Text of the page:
Yesterday, I sat at my desk and cried. 

It was the twenty-four-year anniversary of my brother Joe’s suicide. He was twenty when he died. I was twenty-two. His death is now older than both of us—a fact that continually blows me away. 

I’ve dealt with this grief for over half of my life, but this year stung a little more. 

On January 29, 2021, I finished the agent-ready draft of my memoir, How Not to Die: From Death to Life on a Heavy Metal Tour.

After reading the final words, I danced around my office while listening to Europe’s The Final Countdown.

If you’re not familiar with the song, it’s a cheesy ‘80s anthem my brothers and I used to rock out to when we were kids. 

After the song ended, I cried tears of joy. 

I’d done it! 

After three years of hard work, I’d finished my book.

Those who’ve met me know that I’m a fiery person who likes to get shit done (like sending off recently finished manuscripts). 

I’d even set a deadline for myself. On January 29th, come hell or high water, I would send my manuscript to interested agents. I was certain that any other choice would be a letdown. 

Over the years, I’ve learned that many of my hurry-up-and-get-it-done messages come from ego. So, I meditated to figure out whether the twenty-ninth was indeed the right day to send out my manuscript.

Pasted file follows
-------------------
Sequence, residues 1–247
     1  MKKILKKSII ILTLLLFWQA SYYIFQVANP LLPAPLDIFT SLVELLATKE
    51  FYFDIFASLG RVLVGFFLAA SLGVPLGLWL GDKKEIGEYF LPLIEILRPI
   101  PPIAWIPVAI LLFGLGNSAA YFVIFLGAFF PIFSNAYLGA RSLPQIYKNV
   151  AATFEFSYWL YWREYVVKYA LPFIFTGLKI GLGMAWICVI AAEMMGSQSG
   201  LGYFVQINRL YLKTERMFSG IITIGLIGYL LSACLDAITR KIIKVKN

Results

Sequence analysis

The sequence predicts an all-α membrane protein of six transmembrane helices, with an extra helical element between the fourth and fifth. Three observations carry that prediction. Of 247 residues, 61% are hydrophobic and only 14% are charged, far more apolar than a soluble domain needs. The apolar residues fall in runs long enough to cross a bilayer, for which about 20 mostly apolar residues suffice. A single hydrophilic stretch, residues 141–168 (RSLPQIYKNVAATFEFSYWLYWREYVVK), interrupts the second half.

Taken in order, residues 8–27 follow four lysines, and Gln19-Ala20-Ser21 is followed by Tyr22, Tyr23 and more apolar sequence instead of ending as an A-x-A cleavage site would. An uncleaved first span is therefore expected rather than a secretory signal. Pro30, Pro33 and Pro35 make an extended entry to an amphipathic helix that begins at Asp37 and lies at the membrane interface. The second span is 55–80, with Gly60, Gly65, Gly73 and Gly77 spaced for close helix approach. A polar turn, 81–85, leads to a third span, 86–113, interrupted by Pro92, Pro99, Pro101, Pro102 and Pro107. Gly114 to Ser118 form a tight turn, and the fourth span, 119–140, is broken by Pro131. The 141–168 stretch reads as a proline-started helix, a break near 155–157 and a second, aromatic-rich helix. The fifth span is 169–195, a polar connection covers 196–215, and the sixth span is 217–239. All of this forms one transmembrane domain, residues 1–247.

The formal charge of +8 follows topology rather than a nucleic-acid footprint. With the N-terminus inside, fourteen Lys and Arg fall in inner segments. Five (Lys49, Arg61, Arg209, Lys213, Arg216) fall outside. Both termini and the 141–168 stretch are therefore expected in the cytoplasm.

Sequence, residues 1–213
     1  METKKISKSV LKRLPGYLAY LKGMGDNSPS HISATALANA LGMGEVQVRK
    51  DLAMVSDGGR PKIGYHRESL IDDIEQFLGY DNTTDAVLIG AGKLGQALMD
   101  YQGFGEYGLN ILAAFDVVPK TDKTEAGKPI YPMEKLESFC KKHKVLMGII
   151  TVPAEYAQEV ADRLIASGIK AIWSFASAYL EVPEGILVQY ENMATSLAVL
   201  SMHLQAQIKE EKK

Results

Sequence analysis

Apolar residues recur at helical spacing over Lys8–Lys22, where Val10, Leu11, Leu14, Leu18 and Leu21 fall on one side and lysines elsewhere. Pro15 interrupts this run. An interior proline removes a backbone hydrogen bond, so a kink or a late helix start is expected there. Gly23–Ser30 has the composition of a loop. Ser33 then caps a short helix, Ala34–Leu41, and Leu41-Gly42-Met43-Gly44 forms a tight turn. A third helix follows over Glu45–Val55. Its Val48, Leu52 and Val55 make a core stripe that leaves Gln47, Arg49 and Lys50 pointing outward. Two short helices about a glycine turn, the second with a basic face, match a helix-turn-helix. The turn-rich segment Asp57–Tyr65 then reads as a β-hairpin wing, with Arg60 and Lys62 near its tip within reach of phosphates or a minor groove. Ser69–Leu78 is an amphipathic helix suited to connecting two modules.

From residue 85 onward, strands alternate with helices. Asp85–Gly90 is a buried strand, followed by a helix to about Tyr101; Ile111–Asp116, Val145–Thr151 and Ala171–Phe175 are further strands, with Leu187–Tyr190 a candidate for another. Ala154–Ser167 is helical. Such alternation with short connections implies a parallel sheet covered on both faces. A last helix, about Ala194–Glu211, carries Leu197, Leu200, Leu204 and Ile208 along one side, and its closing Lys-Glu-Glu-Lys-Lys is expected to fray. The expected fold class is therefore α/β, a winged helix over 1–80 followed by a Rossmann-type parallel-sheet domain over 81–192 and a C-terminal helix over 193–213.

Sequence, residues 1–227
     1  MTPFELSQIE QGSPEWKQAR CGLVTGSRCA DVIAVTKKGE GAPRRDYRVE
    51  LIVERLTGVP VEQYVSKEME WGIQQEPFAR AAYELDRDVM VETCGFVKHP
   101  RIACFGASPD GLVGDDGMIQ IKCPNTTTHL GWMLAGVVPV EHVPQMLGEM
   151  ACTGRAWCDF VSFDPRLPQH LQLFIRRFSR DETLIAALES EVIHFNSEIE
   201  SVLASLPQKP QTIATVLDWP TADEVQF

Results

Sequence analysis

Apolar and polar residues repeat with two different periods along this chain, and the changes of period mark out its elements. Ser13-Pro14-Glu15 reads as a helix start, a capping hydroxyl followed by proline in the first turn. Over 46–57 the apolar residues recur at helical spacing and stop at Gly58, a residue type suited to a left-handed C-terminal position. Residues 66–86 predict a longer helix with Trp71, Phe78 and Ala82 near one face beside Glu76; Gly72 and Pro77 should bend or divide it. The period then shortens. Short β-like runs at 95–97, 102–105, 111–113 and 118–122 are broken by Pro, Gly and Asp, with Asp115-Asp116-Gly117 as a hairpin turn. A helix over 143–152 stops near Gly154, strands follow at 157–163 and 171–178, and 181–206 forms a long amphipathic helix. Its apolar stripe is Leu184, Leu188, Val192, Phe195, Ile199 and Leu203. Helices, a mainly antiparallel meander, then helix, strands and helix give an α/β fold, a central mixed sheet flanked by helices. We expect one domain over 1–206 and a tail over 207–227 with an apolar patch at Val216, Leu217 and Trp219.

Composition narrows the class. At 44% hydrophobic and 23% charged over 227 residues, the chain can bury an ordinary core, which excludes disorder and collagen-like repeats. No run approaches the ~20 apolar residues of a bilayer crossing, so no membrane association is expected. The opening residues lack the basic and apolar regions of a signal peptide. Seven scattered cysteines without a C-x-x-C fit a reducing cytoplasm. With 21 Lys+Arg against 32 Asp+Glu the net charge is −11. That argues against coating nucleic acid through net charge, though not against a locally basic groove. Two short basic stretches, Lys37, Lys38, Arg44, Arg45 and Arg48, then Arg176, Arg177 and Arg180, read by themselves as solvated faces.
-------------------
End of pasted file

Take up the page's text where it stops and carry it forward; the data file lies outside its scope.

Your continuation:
Even though I was excited to move forward, my True Self said wait, at least for a little while. 

Reluctantly, I listened. 

It didn’t take long before grief blanketed my enthusiasm.

I wasn’t surprised. My brother has been gone for a long time. The years since our last touch sometimes make him feel more like a dream. When I started writing this manuscript some of that changed.

Over the past three years, we’ve laughed and cried about all that happened to us. With each revision, he’s become a little more three-dimensional.

Now that it’s time to say goodbye to this manuscript, I feel a profound sense of loss that’s led to some snot bubble cries and more than one good sniff of his leather backpack. My heart aches with an arthritic pain that’s steady yet manageable.

But it’s also okay. 

You see, I signed up for this gig. 

If step one to being a good writer is to listen to your True Self, step two is to live with an open heart. 

To do that, we have to make room for our feelings so they can flow through us. As they do, we need to take care of ourselves. That means crossing things off our to-do lists and resting more than we’d like. Sometimes, it also means waiting before sending off a manuscript for feedback or publication. 

This advice is as true for fiction writers as it is for memoirists.

In both genres, you have to write to the bone of your material, which can take you to some achy places. 

In a world that tells you to go, go, go, waiting might not feel like the sexy option. But giving yourself time to honor the weight and power of your story is a sign of self-respect that can ensure you’re not sending out work from an overly vulnerable place.

Having lived through many anniversaries, I know my grief cycle. Every year, as this anniversary approaches, grief rushes in like the tide. On February 9th, it sweeps back out to sea and the world looks a little brighter. 

I know the urge to cry will subside. 

The aches will disappear. 

When they do, I’m confident my True Self will greenlight my querying process. 

When that happens, I’ll share that journey with you.  
 
In the meantime, take care of your precious hearts and keep writing on.

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